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Those of you who were familiar with the aviation art of Tony Weddel will be saddened to hear of his death. Tony passed away on August 2, 2015 at the age of 73. He had been in a nursing home in Glen Rose, Texas for the last ten years or so as the result of a stroke and heart attack. Most of his prints are no longer available, although a few show up from time to time on ebay. Other than that, eight different prints...including 2 P-38s, a B-17, an Me-410 and a UFO...can still be seen and purchased from http://scalepublications.freeyellow.com/art%20tn.htmlas long as the supply lasts. If you've never seen Tony's work, you've missed a tremendous talent. He was my friend. I'll miss him.
There's nothing like having the original tech orders that specified how camouflage was to be applied to aircraft, both Air Corp and Navy, in WW-II. Even better are the exact specs for insignia and the dates when each insignia style was used. 51 years ago, Jay Frank Dial...a professional modelbuilder and amateur aviation historian...produced a thin book that summarized that information using nothing more than the original tech orders as his source. Jay passed away many years ago and his book has become virtually impossible to find. Since I knew Jay at the time he produced the book, I have an original. To honor Jay and to make that original material available to one an all, I have produced his book in a downloadable PDF format. It has also been enhanced with an index to make finding the information easier, along with ten photos of actual aircraft to help you see what the camouflage patterns really looked like. Viewable with an Adobe Acrobat Reader or print out any or all of it as a hard copy. Price is a paltry $9.99 and can be purchased by going to this link: http://modelersweaponsshop.freeyellow.com/camouflagebook.html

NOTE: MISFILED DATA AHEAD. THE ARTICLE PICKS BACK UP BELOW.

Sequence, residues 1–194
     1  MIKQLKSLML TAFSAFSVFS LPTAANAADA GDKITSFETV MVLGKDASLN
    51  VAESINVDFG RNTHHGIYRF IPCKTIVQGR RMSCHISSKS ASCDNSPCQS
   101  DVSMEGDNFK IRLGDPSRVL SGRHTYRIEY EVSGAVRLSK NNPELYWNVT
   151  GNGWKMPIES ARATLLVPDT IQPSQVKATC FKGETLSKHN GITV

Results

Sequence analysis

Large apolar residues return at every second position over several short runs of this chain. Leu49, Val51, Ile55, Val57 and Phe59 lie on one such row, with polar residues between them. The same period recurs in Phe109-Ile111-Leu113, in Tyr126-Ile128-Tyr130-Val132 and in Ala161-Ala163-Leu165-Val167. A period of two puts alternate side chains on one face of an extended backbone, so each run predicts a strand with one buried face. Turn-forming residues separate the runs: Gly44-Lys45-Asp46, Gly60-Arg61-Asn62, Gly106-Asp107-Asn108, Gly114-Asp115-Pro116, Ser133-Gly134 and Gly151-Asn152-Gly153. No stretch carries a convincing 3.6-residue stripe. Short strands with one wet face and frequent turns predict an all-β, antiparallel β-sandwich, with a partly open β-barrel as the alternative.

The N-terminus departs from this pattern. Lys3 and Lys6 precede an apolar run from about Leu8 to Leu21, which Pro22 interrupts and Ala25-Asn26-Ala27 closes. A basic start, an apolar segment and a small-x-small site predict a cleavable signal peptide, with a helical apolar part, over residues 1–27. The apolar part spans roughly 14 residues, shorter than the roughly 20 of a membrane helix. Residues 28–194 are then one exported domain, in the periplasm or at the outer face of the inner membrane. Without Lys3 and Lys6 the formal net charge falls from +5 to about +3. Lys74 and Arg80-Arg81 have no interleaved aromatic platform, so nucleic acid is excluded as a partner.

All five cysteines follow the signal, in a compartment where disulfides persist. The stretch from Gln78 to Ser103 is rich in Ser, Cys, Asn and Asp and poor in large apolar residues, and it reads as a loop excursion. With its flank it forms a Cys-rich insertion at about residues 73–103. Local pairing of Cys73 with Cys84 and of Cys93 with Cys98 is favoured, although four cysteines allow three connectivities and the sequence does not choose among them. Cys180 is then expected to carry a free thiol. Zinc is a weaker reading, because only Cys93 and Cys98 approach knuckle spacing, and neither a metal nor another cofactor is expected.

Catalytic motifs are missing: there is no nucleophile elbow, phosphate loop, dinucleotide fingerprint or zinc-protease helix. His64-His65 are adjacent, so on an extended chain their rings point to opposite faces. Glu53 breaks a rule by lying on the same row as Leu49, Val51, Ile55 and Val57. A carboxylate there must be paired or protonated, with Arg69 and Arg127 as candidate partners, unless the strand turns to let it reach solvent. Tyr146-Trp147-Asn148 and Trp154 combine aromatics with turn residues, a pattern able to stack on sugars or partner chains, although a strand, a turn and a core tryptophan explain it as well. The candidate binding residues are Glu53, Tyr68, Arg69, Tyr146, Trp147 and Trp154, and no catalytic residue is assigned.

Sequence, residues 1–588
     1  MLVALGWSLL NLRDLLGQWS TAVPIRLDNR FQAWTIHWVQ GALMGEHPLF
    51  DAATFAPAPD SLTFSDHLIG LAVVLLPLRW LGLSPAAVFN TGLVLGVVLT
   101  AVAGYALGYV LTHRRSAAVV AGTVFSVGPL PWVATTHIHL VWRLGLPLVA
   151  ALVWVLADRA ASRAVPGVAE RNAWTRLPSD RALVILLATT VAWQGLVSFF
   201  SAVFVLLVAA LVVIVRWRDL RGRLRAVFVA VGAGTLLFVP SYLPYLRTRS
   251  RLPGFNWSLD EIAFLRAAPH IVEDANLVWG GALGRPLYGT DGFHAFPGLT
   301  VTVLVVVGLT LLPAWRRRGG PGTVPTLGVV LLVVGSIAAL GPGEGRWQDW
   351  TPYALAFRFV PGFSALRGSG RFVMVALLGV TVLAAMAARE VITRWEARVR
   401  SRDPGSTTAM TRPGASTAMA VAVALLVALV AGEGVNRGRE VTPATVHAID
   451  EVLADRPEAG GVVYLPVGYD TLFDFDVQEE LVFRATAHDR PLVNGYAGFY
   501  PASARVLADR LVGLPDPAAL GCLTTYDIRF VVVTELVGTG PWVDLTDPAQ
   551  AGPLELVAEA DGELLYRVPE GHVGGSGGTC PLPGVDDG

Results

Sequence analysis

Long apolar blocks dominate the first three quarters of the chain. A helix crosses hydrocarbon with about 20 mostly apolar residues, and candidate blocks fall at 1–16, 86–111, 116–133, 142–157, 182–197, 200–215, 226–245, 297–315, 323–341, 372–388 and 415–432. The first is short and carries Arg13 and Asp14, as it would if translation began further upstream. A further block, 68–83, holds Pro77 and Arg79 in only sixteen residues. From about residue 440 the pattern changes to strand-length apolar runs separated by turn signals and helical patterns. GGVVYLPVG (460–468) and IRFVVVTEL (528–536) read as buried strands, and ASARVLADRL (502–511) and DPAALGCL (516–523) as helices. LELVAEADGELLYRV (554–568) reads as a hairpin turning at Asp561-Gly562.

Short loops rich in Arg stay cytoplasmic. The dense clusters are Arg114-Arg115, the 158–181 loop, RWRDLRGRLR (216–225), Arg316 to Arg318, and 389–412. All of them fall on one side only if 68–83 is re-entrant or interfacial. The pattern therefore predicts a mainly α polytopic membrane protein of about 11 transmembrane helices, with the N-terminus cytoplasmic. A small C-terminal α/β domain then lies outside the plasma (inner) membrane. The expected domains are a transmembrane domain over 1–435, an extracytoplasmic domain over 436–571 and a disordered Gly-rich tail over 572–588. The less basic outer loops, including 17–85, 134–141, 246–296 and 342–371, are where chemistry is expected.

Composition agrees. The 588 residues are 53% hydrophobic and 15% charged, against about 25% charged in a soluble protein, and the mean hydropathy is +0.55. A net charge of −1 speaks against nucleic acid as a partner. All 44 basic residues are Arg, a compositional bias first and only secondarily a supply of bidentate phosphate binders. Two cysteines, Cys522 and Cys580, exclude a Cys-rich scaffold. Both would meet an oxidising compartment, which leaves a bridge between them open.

I, too, often wondered about Jim and where he was. Jim and I met when we were both members of the Texas Aviation Historical Society that met in Dallas. While the focus was aviation history, there were always models showing up (We can't get away from them, can we?), with the end result being the occasional contest. I was 21 and Jim was in his early 30s. Jim used to tell a story...and actually printed it in one of the Journals... that I would never forgive him because I was IPMS/USA #2 instead of #1. Of course he was kidding. In truth, the reason all of the early members ended up with the numbers we did was because Jim opened letters, pulled out the checks and assigned IPMS/USA numbers on a strictly random basis. To give you a little background of the very early days, consider this: When the IPMS/USA became a going concern...meaning after the first few membership numbers were handed out...our first publication was the British IPMS newsletter. The Brits would send their newsletter to Jim, he in turn would mail it over to me (30 miles from Dallas to Fort Worth) and I would do something that most people have forgotten existed and younger ones have never heard of. I sat down at a manual, portable typewriter in the dining room and retyped the newsletter onto an 8 1/2" x 17" mimeograph stencil (How many of you even know what I'm talking about?), then I would mail it back to him. He would then take the stencil to work with him and use their mimeograph machine to run off the appropriate number of copies to be mailed out. Interestingly, the company he worked for knew he was doing all this on company time and did not object to his activity. Whether or not Jim bought the stencils from the company or they let him take what he needed, I can't say. I lost track of Jim a long time ago. Sadly, I was at the 2000 Convention in Dallas and didn't know Jim was there. Either he never came by the table in the vendor's room where I was or did and I didn't recognize him (and he didn't identify himself) or I never got near him because I was only there in the daytime as the result of driving back and forth between Dallas and Fort Worth. That was the only IPMS/USA convention I've ever attended and most likely I'll never get near another one. The IPMS/USA is a great organization and one that I'm very proud to be a part of. In fact, the IPMS/USA had a lot to do with my ending up as a freelance writer/professional modelbuilder. I doubt seriously things would have turned out this way for me if it had not been for Jim Sage and the IPMS/USA. Yep, Jim was a special person and one that we all owe an immense debt of gratitude. Since he's no longer on this earth, some kind of special award/trophy needs to be created, with the first presentation to be made at the 2014 convention. The James H. Sage Best Of Show Trophy would be the obvious choice, but that position is already taken. Anyone else have other ideas? Keep in mind that Jim's preference was aircraft. Richard Marmo